There is a huge challenge with our government. In my view, our government is not doing the job it should be doing regarding developing the private sector and expediting and building upon the non-oil related sectors. Right now, I think close to 90% is oil and oil-related and over 85% of the population is working in government. This is not a capitalist country and we are still dependent on oil.

What do you think should be done to expand the private sector and grow the other sectors away from oil?

There should be privatisation and an initiative for the country (a 20 or 50-year plan) in the sectors we want to grow and invest in. You might lose money the first 10 years, but still it is building job opportunities and a career path for young Kuwaitis. Today we do not have that – there is no vision or leadership to do that.

Kuwait was ranked by the World Economic Forum as the fourth most unfriendly country in terms of receiving tourists and expats. At the same time, the competitiveness of its hospitality industry lies at the bottom of the list of Middle Eastern and North African countries. What do you think should be done in order to improve this unfriendly perception and expand Kuwait’s tourism and leisure industry?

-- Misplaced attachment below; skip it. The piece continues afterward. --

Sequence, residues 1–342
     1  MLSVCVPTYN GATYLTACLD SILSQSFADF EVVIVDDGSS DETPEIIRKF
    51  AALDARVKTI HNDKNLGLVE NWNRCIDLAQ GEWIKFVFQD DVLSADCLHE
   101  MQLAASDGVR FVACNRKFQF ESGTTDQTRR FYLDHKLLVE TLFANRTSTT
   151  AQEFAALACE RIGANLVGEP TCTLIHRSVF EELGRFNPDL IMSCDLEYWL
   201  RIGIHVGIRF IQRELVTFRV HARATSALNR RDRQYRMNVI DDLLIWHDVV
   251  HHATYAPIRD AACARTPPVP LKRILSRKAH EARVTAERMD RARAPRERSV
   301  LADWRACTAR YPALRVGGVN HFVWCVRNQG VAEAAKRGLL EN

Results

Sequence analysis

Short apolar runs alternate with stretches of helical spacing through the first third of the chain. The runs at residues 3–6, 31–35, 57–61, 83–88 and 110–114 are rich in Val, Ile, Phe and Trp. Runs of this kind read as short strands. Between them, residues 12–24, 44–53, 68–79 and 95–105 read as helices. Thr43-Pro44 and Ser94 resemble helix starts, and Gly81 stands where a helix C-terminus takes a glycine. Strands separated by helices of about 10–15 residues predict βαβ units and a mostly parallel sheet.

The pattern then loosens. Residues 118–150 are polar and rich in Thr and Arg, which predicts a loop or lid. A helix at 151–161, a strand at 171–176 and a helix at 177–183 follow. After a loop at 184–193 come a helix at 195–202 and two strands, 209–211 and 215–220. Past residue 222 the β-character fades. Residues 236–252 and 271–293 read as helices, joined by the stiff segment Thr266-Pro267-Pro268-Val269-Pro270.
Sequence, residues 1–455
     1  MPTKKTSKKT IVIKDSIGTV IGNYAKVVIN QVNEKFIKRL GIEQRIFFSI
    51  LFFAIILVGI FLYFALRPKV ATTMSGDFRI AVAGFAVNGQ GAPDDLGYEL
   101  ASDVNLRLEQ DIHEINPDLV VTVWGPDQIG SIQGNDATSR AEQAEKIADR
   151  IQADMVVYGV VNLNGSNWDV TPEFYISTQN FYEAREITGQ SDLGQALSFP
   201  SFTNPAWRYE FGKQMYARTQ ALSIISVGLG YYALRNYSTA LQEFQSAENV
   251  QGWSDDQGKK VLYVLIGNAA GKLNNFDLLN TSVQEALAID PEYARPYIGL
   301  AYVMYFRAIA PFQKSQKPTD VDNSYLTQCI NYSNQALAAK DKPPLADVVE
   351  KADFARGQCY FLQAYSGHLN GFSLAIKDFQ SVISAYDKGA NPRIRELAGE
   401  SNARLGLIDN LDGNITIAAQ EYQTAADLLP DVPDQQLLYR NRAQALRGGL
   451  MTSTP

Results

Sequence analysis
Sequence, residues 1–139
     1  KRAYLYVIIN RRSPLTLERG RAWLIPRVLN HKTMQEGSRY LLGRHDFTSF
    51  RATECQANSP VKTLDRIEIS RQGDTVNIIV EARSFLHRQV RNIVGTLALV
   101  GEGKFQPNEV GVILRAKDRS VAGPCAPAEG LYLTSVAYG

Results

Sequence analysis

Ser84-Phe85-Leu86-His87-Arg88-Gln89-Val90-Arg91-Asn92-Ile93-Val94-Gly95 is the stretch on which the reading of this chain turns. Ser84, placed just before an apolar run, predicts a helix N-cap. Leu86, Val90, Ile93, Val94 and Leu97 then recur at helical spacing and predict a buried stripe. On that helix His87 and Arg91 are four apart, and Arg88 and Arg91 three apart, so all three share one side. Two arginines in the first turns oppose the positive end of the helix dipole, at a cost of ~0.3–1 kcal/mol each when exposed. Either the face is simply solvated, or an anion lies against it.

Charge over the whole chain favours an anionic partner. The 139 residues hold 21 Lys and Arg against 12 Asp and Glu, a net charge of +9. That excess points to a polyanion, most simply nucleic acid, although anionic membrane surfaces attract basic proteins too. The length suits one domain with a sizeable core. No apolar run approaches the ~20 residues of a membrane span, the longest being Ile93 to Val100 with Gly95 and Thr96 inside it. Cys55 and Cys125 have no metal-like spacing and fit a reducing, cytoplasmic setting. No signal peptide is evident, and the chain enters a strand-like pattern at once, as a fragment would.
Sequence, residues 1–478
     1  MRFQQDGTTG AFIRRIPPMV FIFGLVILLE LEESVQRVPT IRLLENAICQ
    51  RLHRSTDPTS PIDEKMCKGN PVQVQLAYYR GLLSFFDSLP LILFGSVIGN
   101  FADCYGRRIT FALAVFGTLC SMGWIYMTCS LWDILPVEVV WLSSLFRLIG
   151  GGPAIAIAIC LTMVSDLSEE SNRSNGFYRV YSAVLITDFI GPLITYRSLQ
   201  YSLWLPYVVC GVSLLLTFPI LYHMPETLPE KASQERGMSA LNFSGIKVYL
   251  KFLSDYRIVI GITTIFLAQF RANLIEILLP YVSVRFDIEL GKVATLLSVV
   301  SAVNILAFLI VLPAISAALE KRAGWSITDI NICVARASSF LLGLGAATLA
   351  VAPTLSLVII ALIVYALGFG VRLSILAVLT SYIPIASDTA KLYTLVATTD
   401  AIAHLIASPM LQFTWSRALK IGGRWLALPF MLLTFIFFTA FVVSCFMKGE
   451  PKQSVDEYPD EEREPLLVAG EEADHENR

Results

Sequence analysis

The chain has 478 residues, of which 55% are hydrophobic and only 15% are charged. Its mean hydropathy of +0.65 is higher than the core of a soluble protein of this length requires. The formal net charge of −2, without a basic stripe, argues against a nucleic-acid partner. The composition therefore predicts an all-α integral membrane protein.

We should start by welcoming and inviting foreign investment. We should have a simple process of investing and establishing companies. This is improving with the youth ministers we see nowadays, but from a strategic point of view, it is still not there. They are putting in a few structures to help with the process, but we will see how it will work. We are trying, but we are still far away from having a proper structure. 
 
Regarding tourism, I think we will always be in the specialised tourism sector, so it is going to be a regional opportunity. Our facilities and hotels in Kuwait are specifically structured for business tourism more than anything else. I think we will never be a Dubai or even Qatar. Dubai has the perfect model for growing and building the hotel industry: they have all the complementary parts, such as the right airlines, the right distribution and infrastructure, and attractions. It is built for that. I think Kuwait’s vision is a little bit different, but we are not implementing that vision, whereas in Dubai they are.
 
Unfortunately here, when you are secure and you do not have someone pushing you, you become relaxed. This is what the environment in Kuwait is like.